Confucian court examination system in Vietnam
The Confucian court examination system in Vietnam (Chinese: 越南科舉制度, Vietnamese : Chế-độ khoa-cử Việt-nam ; 1075 – 1913) was a system for entry into the civil service modelled on the Imperial examination in China, based on knowledge of the classics and literary style.
The exams entered Vietnam during the long era of Chinese occupation and adopted by subsequent independent dynasties as a way of filling the civil service. They were instituted at court level by the Lý Dynasty's Emperor Lý Nhân Tông in 1075 and continued some 1000 years later toward the final years of the Nguyễn Dynasty's Emperor Khải Định. The examinations were suspended by the French in 1913 with the very last local exams occurring from 1915 to 1919, thus making Vietnam the last country to hold Confucian civil service examinations. The royal court exams were typically held every three years, though the award of first prizes was far less frequent.
The examination system was divided into a regional and a national examination held at the royal capital. Provincial examinations led only to the degree of tú tài (秀才 junior bachelor) and cử nhân (舉人 senior bachelor). From 1829 a provincial mandarin could progress to phó bảng, the lowest level of national exam, under the scholars with the rank of tiến sĩ.
The examinations themselves were composed of three or four tests, followed by a phúc hạch or control examination to confirm identity.
Aside from accrediting rank and file scholars to the court and mandarin civil service positions gleaned from the successful regional candidates, the exams also appointed lead scholars for the court exam (Thi Đình) in the capital, the title of trạng nguyên. This title was first awarded to Lê Văn Thịnh (d.1096). Subsequent exams starting in 1247 and onward were divided into three first class grades along the Chinese model with trạng nguyên as the first of three prizes. The first trạng nguyên under this system was Nguyễn Hiền. The full list of trạng nguyên therefore includes 55 scholars if beginning from Lê Văn Thịnh, but only 49 if commencing from Nguyễn Hiền (awarded 1247, in the reign of Trần Thái Tông).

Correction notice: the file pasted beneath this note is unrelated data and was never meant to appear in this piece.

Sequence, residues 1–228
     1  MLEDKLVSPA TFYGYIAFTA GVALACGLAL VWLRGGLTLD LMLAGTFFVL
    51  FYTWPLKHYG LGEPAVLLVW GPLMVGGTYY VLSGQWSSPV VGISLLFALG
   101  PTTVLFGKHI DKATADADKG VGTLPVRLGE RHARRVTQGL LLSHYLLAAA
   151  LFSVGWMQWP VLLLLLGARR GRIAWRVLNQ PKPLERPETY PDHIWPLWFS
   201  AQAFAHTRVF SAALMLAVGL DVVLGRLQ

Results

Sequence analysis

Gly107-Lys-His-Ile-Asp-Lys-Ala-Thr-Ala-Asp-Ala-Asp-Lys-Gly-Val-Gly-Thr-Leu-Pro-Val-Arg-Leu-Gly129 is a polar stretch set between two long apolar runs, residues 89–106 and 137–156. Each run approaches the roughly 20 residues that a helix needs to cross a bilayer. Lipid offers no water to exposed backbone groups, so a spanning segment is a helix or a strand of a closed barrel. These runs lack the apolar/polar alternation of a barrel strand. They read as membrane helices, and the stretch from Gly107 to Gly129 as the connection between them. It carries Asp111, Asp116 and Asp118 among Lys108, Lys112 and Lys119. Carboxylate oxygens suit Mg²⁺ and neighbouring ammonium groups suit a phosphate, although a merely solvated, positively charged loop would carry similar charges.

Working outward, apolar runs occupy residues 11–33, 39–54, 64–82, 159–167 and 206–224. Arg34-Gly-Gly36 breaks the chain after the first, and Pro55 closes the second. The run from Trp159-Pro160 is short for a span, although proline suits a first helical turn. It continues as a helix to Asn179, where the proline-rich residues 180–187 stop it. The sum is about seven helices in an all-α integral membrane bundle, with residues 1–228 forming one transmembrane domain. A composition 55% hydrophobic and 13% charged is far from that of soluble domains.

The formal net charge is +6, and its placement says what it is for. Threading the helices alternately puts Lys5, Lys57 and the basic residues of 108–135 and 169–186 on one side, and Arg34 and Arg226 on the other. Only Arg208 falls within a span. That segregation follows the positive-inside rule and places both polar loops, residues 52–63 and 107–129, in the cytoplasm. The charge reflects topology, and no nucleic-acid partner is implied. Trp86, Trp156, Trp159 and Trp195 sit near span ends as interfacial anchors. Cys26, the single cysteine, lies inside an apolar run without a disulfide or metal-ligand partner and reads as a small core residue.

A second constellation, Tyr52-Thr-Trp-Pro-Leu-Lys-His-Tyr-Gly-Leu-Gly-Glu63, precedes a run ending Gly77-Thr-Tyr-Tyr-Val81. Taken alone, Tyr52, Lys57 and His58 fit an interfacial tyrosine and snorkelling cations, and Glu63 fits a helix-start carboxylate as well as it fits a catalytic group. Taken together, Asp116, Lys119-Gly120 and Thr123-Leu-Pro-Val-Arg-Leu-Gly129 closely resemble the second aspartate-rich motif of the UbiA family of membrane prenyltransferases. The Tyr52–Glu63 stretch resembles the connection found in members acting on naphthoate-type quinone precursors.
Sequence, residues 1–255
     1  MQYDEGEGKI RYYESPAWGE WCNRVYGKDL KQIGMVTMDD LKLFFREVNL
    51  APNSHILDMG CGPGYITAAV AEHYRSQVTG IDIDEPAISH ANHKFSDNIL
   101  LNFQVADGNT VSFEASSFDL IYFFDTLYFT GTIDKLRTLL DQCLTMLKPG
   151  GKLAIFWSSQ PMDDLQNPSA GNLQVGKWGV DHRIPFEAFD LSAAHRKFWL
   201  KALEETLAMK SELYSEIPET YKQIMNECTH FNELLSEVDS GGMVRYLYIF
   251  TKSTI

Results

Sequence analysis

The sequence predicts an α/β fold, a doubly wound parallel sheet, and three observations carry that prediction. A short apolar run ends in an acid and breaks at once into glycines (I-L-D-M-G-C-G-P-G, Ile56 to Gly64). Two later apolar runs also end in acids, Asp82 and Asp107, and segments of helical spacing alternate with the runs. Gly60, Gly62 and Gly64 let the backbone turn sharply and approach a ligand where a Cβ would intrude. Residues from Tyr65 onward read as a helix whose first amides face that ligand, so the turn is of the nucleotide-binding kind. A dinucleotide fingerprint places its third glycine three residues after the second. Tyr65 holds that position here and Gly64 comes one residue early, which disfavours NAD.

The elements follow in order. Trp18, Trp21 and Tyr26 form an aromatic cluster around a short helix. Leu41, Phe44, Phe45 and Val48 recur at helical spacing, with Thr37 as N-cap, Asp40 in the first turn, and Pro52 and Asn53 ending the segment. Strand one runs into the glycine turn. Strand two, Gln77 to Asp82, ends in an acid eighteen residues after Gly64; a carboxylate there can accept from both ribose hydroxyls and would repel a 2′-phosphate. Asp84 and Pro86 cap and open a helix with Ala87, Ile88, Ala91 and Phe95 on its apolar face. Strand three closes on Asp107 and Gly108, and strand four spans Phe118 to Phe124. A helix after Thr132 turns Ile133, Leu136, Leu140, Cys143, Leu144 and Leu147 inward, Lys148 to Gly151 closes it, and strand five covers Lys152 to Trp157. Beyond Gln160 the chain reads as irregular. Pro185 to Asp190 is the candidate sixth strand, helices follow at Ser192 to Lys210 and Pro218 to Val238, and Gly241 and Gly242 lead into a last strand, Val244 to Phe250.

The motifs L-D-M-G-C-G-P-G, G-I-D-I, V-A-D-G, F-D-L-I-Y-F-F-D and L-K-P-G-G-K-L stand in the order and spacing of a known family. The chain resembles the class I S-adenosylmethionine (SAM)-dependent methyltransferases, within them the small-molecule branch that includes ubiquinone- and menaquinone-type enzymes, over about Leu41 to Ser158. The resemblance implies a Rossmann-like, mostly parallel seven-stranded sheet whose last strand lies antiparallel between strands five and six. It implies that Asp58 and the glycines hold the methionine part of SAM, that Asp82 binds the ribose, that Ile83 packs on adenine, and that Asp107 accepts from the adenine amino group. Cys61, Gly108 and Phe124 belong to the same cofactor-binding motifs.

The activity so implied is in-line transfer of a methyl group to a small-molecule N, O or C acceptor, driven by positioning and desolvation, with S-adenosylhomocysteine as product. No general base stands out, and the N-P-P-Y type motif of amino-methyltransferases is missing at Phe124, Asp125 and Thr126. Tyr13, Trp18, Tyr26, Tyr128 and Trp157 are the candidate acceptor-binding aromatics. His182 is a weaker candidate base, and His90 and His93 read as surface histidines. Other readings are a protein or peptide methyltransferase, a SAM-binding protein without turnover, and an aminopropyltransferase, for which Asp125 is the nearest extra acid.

The three titles were as follows :
- Trạng nguyên (狀元) – first place, reserved for the best scholar
- Bảng nhãn (榜眼) – second place
- Thám hoa (探花) – third place
- Tiến sĩ (進士) – all the other successful applicants
The list of trạng nguyên includes several notable figures in Vietnam's history, such as Mạc Đĩnh Chi (awarded 1304, in the reign of Trần Anh Tông) and Nguyễn Bỉnh Khiêm (awarded 1535, in the reign of Mạc Thái Tông). The last trạng nguyên was awarded to Trịnh Tuệ in 1736 during the reign of Lê Ý Tông.
- John Kleinen Facing the Future, Reviving the Past: A Study of Social Change in ... – 1999 – Page 71 "The classical examination system was divided into a regional and a general examination (the last one was organized at the royal capital). The first led to the degree of tu tai (junior bachelor) and cu nhan (senior bachelor), the second to pho bang (junior doctor) and tien si (senior doctor). After the abolition of the examination system in 1913, the French introduced a new system, but ..."
- Truong Buu Lâm, New lamps for old: the transformation of the Vietnamese ... -Institute of Southeast Asian Studies – 1982 Page 11- "The provincial examinations consisted of three to four parts which tested the following areas: knowledge of the Confucian texts... The title of cu nhan or "person presented" (for office) was conferred on those who succeeded in all four tests."
- D. W. Sloper, Thạc Cán Lê Higher Education in Vietnam: Change and Response – 1995 Page 45 " For those successful in the court competitive examination four titles were awarded: trang nguyen, being the first- rank doctorate and first laureate, bang nhan, being a first-rank doctorate and second laureate; tham hoa, being a first-rank ..."
- Nguyẽ̂n Khá̆c Kham , Yunesuko Higashi An introduction to Vietnamese culture Ajia Bunka Kenkyū Sentā (Tokyo, Japan) 1967 – Page 20 "The classification became more elaborate in 1247 with the Tam-khoi which divided the first category into three separate classes: Trang-nguyen (first prize winner in the competitive examination at the king's court), Bang-nhan (second prize ..."
- Walter H. Slote, George A. De Vos Confucianism & the Family 998 – Page 97 "1428–33) and his collaborators, especially Nguyen Trai (1380–1442) — who was himself a Confucianist — accepted ... of Trang Nguyen (Zhuang Yuan, or first laureate of the national examination with the highest recognition in every copy)."